Friday, May 30, 2008
William Arnold, P-I Movie Critic
The perfectly titled "Creative Nature" is flat-out the best documentary study of a contemporary artist I've seen in three decades of SIFF. It's an informative, inspiring, visually exhilarating profile of William Morris, the California-born, Seattle-based, Dale Chihuly protégé who is now largely considered the world's foremost glass artist.
Director John Andres has somehow persuaded the camera-shy, movie-star-handsome Morris to open himself up completely and not only reveal the intimate thought processes and methodology of his work but to eloquently communicate his whole Zen-like vision of life. The movie shrewdly shows us how Morris -- a hiker, climber and all-around outdoorsman -- channels his love of the natural world into the art of glass, and manages to tell the whole amazing story of Seattle glass art, the rise of the Pilchuck Studio and Morris' 30-year transformation from truck driver to master glassblower.
The UrbanGlass Art Quarterly
Fall 2008 issue
By Benjamin Lozovsky
Excerpts from the article:
“Nothing, on the other hand, seems ordinary about Morris in Creative Nature. Part unfettered wild man, part somber philosopher; Morris is in search of the unconventional as part of his quest to connect to an imagined ancient history that he idealizes through his art and life. Morris’ philosophy of life seems to be one of constant exploration, internal reexamination, and spiritual growth. No less driven, Morris explores the natural world as intensely as the glass studio. This is apparent in scenes of Morris’ shirt-less adventures in the wild, as well as in his dynamic with his own team members. The scenes in the studio have a wide-eyed quality to them, focusing heavily on the ethereal glow of the furnace and the intricate hotworking techniques pioneered by Morris and his team.”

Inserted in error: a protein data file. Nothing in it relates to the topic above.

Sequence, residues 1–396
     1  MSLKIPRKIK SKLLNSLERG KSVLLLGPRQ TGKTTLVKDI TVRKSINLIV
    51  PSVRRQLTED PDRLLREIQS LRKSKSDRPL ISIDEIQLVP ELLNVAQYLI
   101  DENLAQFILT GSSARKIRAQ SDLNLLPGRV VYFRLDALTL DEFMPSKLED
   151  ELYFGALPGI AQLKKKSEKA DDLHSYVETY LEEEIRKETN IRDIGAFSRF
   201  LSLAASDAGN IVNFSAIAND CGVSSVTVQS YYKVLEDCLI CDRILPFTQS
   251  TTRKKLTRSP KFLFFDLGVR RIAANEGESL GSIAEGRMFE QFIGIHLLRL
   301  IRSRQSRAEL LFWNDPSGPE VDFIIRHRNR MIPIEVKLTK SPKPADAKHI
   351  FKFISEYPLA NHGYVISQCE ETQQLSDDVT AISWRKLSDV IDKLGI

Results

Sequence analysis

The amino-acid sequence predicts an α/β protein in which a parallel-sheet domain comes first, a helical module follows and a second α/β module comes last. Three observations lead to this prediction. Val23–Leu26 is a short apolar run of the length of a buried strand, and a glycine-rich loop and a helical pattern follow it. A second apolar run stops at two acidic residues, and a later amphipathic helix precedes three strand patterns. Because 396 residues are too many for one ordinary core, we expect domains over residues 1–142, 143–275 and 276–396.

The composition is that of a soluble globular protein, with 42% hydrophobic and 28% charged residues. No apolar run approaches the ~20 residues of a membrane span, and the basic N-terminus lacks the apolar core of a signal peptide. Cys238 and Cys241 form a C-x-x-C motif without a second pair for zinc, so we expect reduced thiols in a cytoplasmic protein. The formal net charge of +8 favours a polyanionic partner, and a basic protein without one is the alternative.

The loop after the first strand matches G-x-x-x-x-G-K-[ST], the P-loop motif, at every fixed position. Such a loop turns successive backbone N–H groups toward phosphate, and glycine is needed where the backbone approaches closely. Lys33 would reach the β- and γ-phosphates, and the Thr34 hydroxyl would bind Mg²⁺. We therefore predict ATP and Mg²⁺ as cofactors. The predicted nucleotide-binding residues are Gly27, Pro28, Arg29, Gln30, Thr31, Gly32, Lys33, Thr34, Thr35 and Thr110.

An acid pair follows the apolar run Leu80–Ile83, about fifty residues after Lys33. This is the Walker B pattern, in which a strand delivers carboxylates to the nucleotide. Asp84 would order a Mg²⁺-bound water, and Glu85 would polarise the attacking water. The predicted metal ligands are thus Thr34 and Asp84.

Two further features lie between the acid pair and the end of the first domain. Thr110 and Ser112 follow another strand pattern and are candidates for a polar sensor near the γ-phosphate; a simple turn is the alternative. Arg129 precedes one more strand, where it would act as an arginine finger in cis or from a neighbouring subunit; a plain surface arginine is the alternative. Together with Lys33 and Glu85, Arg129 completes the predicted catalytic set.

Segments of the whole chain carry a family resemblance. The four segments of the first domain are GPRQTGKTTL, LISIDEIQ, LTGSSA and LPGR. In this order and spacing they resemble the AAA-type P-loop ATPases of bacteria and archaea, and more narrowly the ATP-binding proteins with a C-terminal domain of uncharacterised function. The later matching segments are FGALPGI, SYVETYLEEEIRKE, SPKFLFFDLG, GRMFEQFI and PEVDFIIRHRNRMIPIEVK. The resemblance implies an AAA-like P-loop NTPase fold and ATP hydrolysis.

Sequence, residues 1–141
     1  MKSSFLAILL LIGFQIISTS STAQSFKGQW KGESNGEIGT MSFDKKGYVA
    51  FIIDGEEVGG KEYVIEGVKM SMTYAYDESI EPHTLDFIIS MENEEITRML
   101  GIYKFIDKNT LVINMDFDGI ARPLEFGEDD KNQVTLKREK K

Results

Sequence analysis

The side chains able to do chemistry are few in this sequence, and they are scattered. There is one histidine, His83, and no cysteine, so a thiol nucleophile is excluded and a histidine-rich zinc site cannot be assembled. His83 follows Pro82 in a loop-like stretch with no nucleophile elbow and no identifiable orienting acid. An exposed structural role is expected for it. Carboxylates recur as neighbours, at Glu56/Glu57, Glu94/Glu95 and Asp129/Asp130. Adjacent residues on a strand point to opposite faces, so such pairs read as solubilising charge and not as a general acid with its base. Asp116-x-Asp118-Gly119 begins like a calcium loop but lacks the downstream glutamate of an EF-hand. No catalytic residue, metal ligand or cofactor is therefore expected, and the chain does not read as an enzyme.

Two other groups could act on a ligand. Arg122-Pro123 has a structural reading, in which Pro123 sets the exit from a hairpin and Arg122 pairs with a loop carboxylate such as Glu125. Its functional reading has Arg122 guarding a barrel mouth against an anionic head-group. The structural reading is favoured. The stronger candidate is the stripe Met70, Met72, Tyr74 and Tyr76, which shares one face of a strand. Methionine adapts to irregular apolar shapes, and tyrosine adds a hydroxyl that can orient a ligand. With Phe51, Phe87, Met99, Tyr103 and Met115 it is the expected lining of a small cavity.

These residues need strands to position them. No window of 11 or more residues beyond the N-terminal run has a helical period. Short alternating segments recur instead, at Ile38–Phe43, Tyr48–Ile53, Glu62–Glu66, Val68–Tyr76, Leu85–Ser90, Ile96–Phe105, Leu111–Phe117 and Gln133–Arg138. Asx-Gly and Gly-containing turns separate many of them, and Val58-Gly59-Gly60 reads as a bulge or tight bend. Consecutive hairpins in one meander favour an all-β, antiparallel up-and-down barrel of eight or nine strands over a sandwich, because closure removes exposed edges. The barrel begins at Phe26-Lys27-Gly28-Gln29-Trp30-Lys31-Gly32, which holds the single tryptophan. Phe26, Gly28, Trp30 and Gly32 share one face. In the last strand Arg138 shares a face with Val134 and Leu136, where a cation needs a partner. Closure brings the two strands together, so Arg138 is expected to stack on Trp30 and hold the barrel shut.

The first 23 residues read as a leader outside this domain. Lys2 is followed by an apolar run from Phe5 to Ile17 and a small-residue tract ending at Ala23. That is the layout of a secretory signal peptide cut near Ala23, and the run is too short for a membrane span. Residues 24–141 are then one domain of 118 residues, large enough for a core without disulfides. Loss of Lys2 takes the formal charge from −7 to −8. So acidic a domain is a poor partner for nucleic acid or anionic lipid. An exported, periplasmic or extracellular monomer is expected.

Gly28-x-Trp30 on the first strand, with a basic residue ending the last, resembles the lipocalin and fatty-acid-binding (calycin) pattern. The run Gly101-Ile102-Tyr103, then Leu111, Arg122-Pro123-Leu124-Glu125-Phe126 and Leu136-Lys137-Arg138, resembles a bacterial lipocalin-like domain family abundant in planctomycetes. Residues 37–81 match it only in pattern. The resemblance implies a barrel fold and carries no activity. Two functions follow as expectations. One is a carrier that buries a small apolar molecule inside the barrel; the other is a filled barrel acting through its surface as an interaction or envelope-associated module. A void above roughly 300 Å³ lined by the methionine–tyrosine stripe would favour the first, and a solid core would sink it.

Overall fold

Seattle Weekly Pick
May 28, 2008
By Frank Paiva
This documentary will thrill casual art fans. The movie is full of fascinating studio scenes in which Morris and his crew cut, shape, and manipulate molten glass as if it were safe and easy.
On Screen Magazine
Spring/Summer 2008 issue
By Molly Norris
Excerpts from the article:
“Morris seems constantly on the move, jogging through hills early mornings scantly clad, paragliding, swimming with sharks, spear fishing, and scaling cliffs. This doesn’t include the action in the hot shop when he hoists molten glass and steel-blowing pipes from furnace to the work bench and back.” “Themes of integrity, intuition, nature, fame, and thinking for yourself to solve your own problems, weave throughout Creative Nature.”
John J. Archibald
“Creative Nature - an equally unique documentary film -- a documentary film like no other you have ever seen.”